Emigration is not a decision to be taken lightly, but once you set the wheels in motion, advance preparation will prove invaluable.
For those considering Aliyah, your journey to Israel can be divided into three stages: Planning, Aliyah and Klita.
The first leg of your journey may well be the most important of all. Should you make Aliyah? Where should you move to? When is the best time to move? Will you be looking for a job in Israel? Should you factor in the start of the school year? Should you wait until retirement? You will have many questions and while the staff at Telfed cannot answer them for you, our team is happy to provide information to help you reach your decision.
Telfed’s Klita advisor, Daniela Shapira, encourages prospective Olim to ‘research and prepare as much as you can, and utilise all resources available to you. From Telfed staff to the team at the Israel Centre, WhatsApp groups or Facebook groups, and a multitude of online resources, you can find answers to most of your questions through research and careful planning.’
Those considering Aliyah are invited to consult with Daniela and other members of our team, including our social worker (who advises seniors making Aliyah, and those with special needs), our employment advisor and our property manager. In addition, Telfed has a network of volunteers – South Africans, like yourselves – who make up our regional committees and can speak to you about the pros and cons of their respective communities in Israel.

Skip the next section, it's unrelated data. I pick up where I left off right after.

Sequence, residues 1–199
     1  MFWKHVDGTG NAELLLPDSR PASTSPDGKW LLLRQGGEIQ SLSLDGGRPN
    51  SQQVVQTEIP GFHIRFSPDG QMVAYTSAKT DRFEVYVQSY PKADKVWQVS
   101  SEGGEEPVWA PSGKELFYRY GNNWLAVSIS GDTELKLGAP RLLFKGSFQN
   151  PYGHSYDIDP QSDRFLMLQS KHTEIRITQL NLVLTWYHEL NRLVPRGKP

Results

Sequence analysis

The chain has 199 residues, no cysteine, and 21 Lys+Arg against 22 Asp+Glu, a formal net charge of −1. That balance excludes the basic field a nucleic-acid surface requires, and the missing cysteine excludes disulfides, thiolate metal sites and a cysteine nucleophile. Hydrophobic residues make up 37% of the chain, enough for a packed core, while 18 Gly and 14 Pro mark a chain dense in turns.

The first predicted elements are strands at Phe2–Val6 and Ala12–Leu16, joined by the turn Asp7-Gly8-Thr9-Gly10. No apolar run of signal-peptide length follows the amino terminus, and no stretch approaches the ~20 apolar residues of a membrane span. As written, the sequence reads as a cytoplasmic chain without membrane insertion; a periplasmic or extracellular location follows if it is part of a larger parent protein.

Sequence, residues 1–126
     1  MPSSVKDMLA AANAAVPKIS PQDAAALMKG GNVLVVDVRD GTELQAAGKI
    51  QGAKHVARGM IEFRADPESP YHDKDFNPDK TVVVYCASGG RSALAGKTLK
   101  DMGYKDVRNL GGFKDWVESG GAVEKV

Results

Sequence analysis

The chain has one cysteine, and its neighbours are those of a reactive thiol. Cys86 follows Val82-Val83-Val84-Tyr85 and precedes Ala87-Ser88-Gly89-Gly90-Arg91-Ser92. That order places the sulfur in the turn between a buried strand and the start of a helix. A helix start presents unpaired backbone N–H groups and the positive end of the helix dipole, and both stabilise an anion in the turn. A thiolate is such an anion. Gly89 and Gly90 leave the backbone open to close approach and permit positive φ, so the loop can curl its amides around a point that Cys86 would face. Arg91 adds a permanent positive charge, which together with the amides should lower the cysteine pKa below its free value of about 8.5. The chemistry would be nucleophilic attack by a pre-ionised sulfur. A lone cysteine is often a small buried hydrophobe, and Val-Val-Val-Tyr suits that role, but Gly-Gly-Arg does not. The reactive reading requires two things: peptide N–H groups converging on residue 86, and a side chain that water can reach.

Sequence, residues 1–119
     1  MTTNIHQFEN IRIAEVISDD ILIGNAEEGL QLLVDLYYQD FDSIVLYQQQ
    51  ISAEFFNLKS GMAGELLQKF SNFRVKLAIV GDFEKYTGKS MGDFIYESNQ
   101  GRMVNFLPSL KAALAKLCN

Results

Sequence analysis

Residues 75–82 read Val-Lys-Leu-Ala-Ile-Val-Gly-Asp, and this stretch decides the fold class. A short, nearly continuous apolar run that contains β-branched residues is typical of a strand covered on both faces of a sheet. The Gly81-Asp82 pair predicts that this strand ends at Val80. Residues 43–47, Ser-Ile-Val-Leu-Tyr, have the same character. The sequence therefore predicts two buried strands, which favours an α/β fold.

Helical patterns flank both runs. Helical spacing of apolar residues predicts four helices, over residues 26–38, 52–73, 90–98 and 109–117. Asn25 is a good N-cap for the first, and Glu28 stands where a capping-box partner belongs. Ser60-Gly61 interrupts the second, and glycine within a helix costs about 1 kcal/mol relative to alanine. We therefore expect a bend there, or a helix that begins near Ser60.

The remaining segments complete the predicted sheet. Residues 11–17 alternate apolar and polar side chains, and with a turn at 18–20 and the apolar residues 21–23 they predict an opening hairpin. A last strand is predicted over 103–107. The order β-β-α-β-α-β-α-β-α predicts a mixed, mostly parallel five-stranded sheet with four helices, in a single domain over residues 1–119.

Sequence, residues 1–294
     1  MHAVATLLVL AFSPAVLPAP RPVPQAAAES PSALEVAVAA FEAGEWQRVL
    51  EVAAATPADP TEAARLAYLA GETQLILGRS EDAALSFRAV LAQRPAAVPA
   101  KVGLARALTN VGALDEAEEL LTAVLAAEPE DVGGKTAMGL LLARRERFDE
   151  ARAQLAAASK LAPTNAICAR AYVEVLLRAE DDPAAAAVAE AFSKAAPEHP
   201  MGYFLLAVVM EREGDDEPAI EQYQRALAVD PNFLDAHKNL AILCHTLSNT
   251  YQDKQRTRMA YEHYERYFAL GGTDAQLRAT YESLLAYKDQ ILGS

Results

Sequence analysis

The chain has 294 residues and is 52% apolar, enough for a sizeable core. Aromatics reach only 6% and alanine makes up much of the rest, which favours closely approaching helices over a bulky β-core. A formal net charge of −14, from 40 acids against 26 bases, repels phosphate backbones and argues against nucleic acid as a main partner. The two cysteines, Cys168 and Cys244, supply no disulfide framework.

The second leg of your journey – getting you to Israel – is expertly handled by the Israel Centre (with offices in both Cape Town and Johannesburg). You will begin by opening your Aliyah file with the Global Centre.
Once you arrive in Israel you will start the third leg of your journey – your integration and absorption in Israel (i.e. klita). Telfed is your guide along this part of your journey. As with any emigration, new Olim will be expected to navigate their way through Israeli bureaucracy. We know that this process can be tedious, and oftentimes frustrating (especially for those who have limited Hebrew), but it’s a necessary step. Telfed staff are available to explain these processes to you, and will provide you with information to make the journey a little simpler.
‘Our team offers webinars and step by step guides detailing when and how to make appointments and what documentation you are required to take with you when you visit government offices,’ says Telfed CEO Dorron Kline. ‘In addition to planning and understanding what to expect next, flexibility is paramount. We currently have cases of Olim waiting for two months for their first appointment at the Ministry of Interior.’
As with any international flight, you can expect some light turbulence along the way, but in typical Israeli style, your landing will be greeted with loud applause (especially from our community of ex-South Africans). Temper your expectations, small bumps are not unusual, and you will develop the requisite knowledge, skills and resilience that will serve you well as you continue your journey as Israeli citizens.
Visit our website for more information (www.telfed.org.il) and remember to follow us on Facebook (www.facebook.com/Telfed) and Instagram (@telfed_israel).
• Published in the PDF edition of the October 2021 issue – Click here to get it.
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